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The Americas

28 January 2022

Energy drink maker Monster buys CANarchy Breweries

USA | Monster Beverage has been mulling a move into booze for years. In a significant shakeup to the US craft brewing industry, on 14 January 2022, Monster announced it will acquire the craft beer and hard seltzer producer CANarchy Craft Brewery Collective for about USD 330 million in cash from private equity firm Fireman Capital Partners.

This should kill the rumour, spread in November 2021, that Monster was seeking a merger with third-ranked US brewer Constellation Brands (Corona, Modelo).

The energy drink maker said the deal would add craft breweries Cigar City (Florida), Oskar Blues (Colorado, North Carolina, Texas), Deep Ellum (Texas), Perrin (Michigan), Squatters and Wasatch (Utah) to its portfolio, but would exclude CANarchy’s restaurants. Founded in 2015, the sixth-largest craft brewer, CANarchy, has nine locations in six US states and 900 employees, according to its website.

Lines between categories are blurring

Monster’s move underlines that traditional boundaries between the categories are rapidly blurring, and that CANarchy might have simply been too good a deal for Monster to pass up.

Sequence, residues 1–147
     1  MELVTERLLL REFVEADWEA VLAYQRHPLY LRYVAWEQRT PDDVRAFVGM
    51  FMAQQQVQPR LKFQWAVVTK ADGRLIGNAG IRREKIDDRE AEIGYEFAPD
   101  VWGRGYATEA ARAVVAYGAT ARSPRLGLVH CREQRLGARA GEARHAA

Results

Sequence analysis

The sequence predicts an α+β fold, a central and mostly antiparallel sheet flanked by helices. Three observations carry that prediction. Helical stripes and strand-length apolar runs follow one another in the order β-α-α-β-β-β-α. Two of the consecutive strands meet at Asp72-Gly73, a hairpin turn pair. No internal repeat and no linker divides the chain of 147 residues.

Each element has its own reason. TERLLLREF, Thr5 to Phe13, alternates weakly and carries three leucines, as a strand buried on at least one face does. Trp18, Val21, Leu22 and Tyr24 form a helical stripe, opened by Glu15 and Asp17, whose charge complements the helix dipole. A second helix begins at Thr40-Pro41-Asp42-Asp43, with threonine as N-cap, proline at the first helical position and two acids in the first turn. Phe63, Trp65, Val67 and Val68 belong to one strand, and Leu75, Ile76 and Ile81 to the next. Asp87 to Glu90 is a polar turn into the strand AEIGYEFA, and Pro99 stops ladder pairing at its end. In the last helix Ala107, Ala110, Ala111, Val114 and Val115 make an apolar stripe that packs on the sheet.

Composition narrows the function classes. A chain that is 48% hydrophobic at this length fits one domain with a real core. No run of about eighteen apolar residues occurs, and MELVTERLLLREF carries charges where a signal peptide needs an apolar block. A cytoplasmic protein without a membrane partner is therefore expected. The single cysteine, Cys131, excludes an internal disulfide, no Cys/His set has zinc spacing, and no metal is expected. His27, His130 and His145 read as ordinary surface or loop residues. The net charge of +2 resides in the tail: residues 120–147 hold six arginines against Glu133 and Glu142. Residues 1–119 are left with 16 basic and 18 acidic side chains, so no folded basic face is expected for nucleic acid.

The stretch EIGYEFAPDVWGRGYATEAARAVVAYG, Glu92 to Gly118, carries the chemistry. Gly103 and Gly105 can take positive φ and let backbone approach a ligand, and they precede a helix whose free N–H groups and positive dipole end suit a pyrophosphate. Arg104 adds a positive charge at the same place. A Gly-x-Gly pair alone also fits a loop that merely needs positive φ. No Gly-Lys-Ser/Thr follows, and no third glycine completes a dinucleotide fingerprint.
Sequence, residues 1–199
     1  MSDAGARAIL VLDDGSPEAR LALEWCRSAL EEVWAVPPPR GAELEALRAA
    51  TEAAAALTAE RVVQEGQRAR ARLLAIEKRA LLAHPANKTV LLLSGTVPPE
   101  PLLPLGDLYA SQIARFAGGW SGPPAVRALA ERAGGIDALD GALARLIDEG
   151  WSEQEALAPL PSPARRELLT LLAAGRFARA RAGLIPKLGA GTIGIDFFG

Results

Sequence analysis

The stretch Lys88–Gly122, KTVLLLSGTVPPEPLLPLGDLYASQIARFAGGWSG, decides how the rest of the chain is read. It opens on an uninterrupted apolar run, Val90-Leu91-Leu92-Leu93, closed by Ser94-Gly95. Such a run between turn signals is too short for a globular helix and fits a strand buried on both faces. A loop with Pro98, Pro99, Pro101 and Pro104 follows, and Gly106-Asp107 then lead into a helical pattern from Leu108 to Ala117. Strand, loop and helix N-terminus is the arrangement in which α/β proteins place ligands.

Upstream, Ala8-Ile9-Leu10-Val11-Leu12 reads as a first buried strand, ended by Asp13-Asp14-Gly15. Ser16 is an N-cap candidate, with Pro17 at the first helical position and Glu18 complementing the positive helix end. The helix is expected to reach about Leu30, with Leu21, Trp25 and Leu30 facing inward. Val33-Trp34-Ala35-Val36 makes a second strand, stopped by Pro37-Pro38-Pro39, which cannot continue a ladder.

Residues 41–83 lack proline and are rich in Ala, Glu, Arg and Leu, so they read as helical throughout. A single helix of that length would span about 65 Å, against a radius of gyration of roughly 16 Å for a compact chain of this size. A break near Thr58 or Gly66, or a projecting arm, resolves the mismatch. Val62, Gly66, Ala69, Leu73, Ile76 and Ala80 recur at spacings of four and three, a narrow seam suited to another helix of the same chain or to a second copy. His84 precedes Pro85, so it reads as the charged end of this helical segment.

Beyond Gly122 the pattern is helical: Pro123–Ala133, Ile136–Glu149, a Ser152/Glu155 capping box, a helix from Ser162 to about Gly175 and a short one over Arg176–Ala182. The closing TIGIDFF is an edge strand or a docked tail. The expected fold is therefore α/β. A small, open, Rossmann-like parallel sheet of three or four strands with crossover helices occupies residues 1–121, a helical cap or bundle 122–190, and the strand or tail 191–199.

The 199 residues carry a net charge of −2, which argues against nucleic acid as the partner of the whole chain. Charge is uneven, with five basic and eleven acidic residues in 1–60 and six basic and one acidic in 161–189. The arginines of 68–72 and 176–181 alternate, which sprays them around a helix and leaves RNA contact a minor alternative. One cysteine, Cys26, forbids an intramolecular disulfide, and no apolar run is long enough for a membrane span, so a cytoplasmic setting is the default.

For CANarchy’s roughly 500 000 barrels (585 000 hl) of output, Monster is paying USD 660 per barrel, which is far less than what Constellation paid for Ballast Point in 2015 (the outlay of USD 1 billion came to almost USD 3 500 per barrel). In 2019, AB InBev purchased Craft Brew Alliance at a cost of about USD 424 per barrel and Boston Beer bought Dogfish Head for around USD 1 100 per barrel.

Monster, whose biggest shareholder is The Coca-Cola Company, has given the usual assurances that CANarchy will “function independently, retaining its own organizational structure and team.” It thus hopes to mitigate any backlash or boycott from craft beer aficionados.

We wonder, though, if anyone is still keeping track of who owns whom, given the many craft brewery sales in recent years.

CANarchy does not turn “crafty”

Luckily for the Brewers Association (BA), it does not have to strike CANarchy and its volumes off its list, as it had to do with other “crafty” breweries which were acquired by the Big Brewers. Technically, CANarchy meets its criteria for membership, even under Monster’s ownership, at least until it surpassed the 6-million-barrel-limit that the BA defines as “small.”

As commented the website pastemagazine.com, many beer geeks thought that to call CANarchy a “craft brewery collective”, was nothing more than clever marketing on the part of Fireman Capital Partners. “It was always assumed by the cynical beer industry observer that Fireman Capital was assembling a portfolio of breweries that could eventually be sold to the highest bidder, and now those people will no doubt feel vindicated,” the website added.